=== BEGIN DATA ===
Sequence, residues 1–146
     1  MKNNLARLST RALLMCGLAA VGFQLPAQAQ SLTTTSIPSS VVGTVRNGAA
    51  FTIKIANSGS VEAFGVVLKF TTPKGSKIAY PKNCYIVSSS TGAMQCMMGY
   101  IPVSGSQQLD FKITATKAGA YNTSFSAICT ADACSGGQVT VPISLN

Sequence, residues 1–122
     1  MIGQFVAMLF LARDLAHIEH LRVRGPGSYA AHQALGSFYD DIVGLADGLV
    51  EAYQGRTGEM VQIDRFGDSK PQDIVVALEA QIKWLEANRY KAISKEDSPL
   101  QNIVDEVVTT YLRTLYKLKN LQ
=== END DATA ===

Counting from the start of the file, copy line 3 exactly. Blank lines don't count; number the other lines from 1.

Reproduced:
    51  FTIKIANSGS VEAFGVVLKF TTPKGSKIAY PKNCYIVSSS TGAMQCMMGY